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Opinions differ on Tea Party strength in Tuesday's tallies

State Sen. Chuck Purgason's smaller-than-expected vote tally in Tuesday's Republican U.S. Senate primary, coupled with the defeat of state Rep. Allen Icet in the GOP contest for auditor, has prompted some post-primary talk about the true clout of Missouri's Tea Party movement.

"The Tea Party movement did not show a lot of strength,'' said Dave Robertson, a political science professor at the University of Missouri-St. Louis. "The Republican 'establishment' was able to withstand the assault from the Tea Party wing."

The biggest example was St. Louis lawyer Tom Schweich's surprisingly strong victory in what had been billed as a neck-and-neck race with Icet. Although both had sought Tea Party support, Icet -- who is tight with the GOP's social conservatives -- was considered more successful in wooing Tea Party activists.

As for Purgason, the weekend before the election he had been circulating a poll he commissioned that gave him an edge over U.S. Rep. Roy Blunt, R-Springfield. Blunt also had been backed by the state GOP's establishment, and was outright unpopular with many Tea Party groups around the state. But despite all the headlines over their love of Purgason, he ended up snagging only 13 percent of the vote.

The Tea Party movement clearly had some impact further down the ballot. In the 26th state Senate district, which takes in part of southwest St. Louis County and Franklin County, Republican Brian Nieves -- a regular at Tea Party gatherings -- handily won his party's nomination despite withering personal attacks over the final two weeks.

And in St. Charles County, another Tea Party favorite -- state Rep. Cynthia Davis, R-O'Fallon -- gave quite a scare to incumbent state Sen. Scott Rupp, R-Wentzville. Rupp held on to his 2nd District seat, but with an edge of only 2,500 votes out 27,500 cast on the GOP side. Not a strong showing, considering that Rupp had raised and spent four times what Davis did.

Across the state in southwest Missouri, Tea Party favorite Billy Long knocked off several GOP establishment favorites to take the party's nomination for the 7th District congressional seat being vacated by Blunt. (Long, by the way, now takes on Democrat Scott Eckersley, the former deputy counsei to then-Gov. Matt Blunt who was ousted in an office dispute over the destruction of office e-mails.)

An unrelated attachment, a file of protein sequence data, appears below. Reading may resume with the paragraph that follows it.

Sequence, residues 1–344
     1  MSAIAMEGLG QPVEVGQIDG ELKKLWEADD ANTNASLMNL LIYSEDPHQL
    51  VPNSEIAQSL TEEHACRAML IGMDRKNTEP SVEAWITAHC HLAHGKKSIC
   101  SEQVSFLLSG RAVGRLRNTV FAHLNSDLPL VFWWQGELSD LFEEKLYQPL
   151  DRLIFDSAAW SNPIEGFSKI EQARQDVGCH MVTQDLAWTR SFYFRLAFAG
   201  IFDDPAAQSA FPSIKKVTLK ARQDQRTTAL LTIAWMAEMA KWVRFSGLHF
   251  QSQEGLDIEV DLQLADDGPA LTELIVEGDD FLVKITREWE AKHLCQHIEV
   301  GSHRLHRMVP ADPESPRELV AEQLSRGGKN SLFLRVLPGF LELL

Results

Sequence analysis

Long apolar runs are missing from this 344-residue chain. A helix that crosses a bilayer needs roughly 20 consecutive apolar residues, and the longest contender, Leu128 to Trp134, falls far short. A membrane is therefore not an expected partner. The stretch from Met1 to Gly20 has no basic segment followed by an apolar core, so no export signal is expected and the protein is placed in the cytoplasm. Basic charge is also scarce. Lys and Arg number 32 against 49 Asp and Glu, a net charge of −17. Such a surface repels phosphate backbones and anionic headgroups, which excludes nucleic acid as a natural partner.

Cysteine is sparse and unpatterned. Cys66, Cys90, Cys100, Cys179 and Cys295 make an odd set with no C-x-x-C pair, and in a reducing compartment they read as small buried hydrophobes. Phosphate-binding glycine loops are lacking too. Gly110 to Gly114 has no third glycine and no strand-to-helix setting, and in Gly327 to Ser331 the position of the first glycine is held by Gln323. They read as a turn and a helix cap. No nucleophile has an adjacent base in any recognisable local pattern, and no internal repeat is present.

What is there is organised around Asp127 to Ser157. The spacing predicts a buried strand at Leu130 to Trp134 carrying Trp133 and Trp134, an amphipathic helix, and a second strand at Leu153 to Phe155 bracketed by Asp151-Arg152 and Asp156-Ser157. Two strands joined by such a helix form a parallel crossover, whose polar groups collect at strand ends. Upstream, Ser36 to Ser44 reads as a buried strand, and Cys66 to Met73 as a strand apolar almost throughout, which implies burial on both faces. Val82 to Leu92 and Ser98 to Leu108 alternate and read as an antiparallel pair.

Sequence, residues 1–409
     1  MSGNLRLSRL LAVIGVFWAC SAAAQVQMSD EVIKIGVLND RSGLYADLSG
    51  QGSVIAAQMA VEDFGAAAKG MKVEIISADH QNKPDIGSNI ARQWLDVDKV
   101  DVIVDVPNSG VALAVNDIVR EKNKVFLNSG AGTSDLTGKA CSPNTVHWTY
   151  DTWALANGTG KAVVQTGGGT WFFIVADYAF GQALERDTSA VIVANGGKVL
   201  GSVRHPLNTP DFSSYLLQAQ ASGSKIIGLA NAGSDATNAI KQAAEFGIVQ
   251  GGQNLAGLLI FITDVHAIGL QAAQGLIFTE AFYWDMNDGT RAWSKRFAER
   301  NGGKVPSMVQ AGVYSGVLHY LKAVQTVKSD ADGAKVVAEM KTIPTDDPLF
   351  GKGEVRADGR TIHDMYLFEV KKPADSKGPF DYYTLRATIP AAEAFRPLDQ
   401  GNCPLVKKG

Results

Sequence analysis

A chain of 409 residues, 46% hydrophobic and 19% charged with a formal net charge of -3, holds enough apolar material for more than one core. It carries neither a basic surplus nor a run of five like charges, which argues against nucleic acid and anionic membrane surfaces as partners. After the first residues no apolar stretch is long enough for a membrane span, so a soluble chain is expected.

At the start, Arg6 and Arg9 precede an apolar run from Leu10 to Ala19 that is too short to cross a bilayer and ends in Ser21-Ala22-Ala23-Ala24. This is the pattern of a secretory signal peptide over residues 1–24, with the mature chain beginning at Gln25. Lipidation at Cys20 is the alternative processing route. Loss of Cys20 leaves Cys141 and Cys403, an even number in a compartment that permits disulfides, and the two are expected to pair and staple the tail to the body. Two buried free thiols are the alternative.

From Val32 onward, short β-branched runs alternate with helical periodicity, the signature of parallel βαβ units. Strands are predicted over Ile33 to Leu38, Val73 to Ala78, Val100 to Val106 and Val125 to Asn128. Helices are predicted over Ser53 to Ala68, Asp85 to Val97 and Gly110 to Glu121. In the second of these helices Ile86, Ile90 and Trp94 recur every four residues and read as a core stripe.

But St. Louis Tea Party co-founder Gina Loudon dismisses any talk of weak Tea in Tuesday's tallies.

The real test of Tea strength, she said, was in the huge victory margin for Proposition C, which garnered over 70 percent of Tuesday's vote. Prop C seeks to exempt Missouri from some of the mandates in the new federal health care law, particularly the 2014 requirement that people buy insurance.

Even taking into account the fact that close to two-thirds of Tuesday's ballots were cast by Republicans, the larger Proposition C tally means that "there was a huge liberal contingency out there that voted for it,'' Loudon said.

Since local Tea Party groups didn't endorse candidates, Loudon said it's not surprising that the Tea Party's strength was diluted as activists split among the candidates.

But where unity really counted -- the Prop C vote -- Tea Party activists were solidly together, she said.

"We're all fighting for one thing,'' said Loudon. "To reclaim our Republic."

And for that, she added, there's plenty of strong Tea available.

This article originally appeared in the St. Louis Beacon.

Jo Mannies has been covering Missouri politics and government for almost four decades, much of that time as a reporter and columnist at the St. Louis Post-Dispatch. She was the first woman to cover St. Louis City Hall, was the newspaper’s second woman sportswriter in its history, and spent four years in the Post-Dispatch Washington Bureau. She joined the St. Louis Beacon in 2009. She has won several local, regional and national awards, and has covered every president since Jimmy Carter. She scared fellow first-graders in the late 1950s when she showed them how close Alaska was to Russia and met Richard M. Nixon when she was in high school. She graduated from Valparaiso University in northwest Indiana, and was the daughter of a high school basketball coach. She is married and has two grown children, both lawyers. She’s a history and movie buff, cultivates a massive flower garden, and bakes banana bread regularly for her colleagues.